Google announced in September 2018 that exact match keywords are going to start allowing close variants to appear for various search terms. This will be either good or bad for businesses utilizing Google Ads (formerly Google Adwords), depending on how you want to look at it.
Google’s theory is that people are searching for your products, but your exact match keywords are not necessarily allowing your ads to show. By allowing exact match keywords to show close variants, it will show your ads for appropriate, relevant search queries (supposedly). Below is a more thorough explanation of the changes that are coming.
Exact Match Keyword Changes
Exact match keywords traditionally work by setting a keyword for which your ads would only display if the search term matched that keyword exactly. Google’s recent announcement will be changing that.
Google will now be utilizing machine learning that will attempt to match the intent of a search instead of the exact keyword. See below for a sample chart of an exact match keyword to a query that might trigger the keyword and the reason why it matched:
The Problem for Advertisers
There is one glaring concern with allowing this to happen: some advertisers (like us) specifically use exact match keywords because we don’t want our client’s ads to appear for certain search queries. Exact match provides a means to not only keep the Cost Per Click (CPC) lower, but it also ensures the ads are reaching the right people.
While Google’s intent may be innocent, this could have major repercussions for advertisers (especially those who don’t have a regular manager in the account). As an added bonus for Google, this also means more money in their pockets.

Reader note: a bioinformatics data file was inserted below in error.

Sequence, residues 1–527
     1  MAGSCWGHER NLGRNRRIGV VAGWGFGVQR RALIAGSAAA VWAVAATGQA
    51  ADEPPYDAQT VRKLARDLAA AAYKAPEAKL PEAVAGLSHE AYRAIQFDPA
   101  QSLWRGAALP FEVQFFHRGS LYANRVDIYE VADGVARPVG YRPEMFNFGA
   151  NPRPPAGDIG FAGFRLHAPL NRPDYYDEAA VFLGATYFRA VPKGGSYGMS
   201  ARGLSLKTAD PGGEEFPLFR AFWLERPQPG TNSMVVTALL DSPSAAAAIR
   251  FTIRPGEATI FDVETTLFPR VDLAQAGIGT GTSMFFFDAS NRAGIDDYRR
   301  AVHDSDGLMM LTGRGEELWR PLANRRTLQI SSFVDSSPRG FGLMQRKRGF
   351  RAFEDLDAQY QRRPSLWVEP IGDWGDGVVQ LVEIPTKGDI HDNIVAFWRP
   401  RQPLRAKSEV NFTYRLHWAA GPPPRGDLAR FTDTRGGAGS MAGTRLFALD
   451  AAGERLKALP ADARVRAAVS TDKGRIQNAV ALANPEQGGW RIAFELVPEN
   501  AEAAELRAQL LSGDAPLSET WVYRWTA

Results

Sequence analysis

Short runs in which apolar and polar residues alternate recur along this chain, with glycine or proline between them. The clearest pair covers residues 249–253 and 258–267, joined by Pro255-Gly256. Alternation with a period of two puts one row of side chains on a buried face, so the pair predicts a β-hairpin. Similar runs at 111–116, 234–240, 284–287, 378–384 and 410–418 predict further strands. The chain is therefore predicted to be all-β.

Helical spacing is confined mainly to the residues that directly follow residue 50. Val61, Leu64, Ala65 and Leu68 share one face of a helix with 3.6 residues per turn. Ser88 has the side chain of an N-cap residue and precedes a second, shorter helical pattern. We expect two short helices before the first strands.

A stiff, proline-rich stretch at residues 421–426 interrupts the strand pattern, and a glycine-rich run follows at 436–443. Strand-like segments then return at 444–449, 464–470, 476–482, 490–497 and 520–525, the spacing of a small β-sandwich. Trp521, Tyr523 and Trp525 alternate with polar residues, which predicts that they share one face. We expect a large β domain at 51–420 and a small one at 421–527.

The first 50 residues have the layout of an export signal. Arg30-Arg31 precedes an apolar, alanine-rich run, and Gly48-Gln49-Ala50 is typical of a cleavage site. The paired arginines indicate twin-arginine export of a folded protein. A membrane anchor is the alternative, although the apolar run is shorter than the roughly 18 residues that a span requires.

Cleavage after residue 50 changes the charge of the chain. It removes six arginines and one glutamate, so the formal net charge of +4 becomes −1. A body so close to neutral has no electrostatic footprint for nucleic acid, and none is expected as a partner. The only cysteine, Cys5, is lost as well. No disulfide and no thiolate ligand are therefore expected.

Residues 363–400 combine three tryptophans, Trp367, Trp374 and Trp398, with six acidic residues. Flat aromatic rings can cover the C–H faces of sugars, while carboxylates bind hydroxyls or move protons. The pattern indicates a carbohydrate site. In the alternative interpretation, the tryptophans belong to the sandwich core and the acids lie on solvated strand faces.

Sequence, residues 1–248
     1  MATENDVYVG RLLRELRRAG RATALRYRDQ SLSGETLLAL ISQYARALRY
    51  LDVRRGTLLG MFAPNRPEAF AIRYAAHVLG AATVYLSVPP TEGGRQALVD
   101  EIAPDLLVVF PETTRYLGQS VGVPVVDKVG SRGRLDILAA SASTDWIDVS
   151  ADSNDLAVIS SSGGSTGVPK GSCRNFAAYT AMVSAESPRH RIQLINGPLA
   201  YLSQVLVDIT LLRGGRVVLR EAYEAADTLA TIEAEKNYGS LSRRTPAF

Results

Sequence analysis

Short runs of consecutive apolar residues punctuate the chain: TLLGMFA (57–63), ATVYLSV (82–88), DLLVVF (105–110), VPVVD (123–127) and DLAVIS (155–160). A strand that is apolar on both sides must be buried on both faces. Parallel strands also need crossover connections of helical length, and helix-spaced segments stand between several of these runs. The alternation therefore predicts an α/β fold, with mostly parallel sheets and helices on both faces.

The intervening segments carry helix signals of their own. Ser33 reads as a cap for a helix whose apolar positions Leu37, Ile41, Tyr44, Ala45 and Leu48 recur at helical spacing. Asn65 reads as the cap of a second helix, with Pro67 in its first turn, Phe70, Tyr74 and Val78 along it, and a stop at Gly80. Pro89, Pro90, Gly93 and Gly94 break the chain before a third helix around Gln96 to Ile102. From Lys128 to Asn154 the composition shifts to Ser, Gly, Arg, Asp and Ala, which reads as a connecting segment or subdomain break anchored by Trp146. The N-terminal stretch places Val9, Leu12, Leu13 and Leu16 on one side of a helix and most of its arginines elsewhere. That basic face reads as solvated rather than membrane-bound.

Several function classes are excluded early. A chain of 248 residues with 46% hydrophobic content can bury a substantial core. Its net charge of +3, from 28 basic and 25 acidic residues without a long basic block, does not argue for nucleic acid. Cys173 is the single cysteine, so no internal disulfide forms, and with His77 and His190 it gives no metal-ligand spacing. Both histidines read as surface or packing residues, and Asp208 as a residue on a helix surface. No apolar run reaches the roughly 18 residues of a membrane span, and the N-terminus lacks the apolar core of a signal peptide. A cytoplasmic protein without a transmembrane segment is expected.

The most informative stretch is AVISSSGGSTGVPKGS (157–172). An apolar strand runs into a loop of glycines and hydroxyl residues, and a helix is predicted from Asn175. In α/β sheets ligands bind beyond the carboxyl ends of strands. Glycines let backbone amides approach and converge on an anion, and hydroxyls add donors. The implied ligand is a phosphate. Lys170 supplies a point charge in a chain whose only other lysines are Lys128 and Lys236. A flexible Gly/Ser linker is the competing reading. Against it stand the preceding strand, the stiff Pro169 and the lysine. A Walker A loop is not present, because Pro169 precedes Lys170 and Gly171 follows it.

How This Affects You
If you are running Google search campaigns and are utilizing exact match keywords, keep a close eye on your search term report over the next few months. What you’ll likely see is exact match keywords triggering ads on close variants, which could be good or bad for your business. Look more specifically at the CPC as well as the triggering search queries.
Our recommendation is to review your search term report and add negative keywords for searches that might be irrelevant or include words you don’t want to trigger ads for. This is one strategy that we implement with all of our clients on a regular basis, and it pays dividends in that it reduces their wasted spend and increases the likelihood of more quality conversions.
How to Prepare for This Change
Review Your Top Exact Match Keywords
Head to the Keywords section in Google Ads and filter them down to exact match. Of the keywords listed, look at those with more than one word and jot down all of the potential permutations of the words in different order. Those are the potential exact match keywords that could have close variants added.
Add Relevant Negatives Now
Now would be a great time to go through your historical data to review search terms that your keywords have triggered. You can also use Google’s Suggest function to preview which relevant, similar queries are being searched in order to inspire negatives to add.
This change has started to roll out in limited accounts over the last few months, but the major release takes effect October 1st.
With sufficient time spent in your Google Ads account making these recommended changes, you should see minimal impact of your account.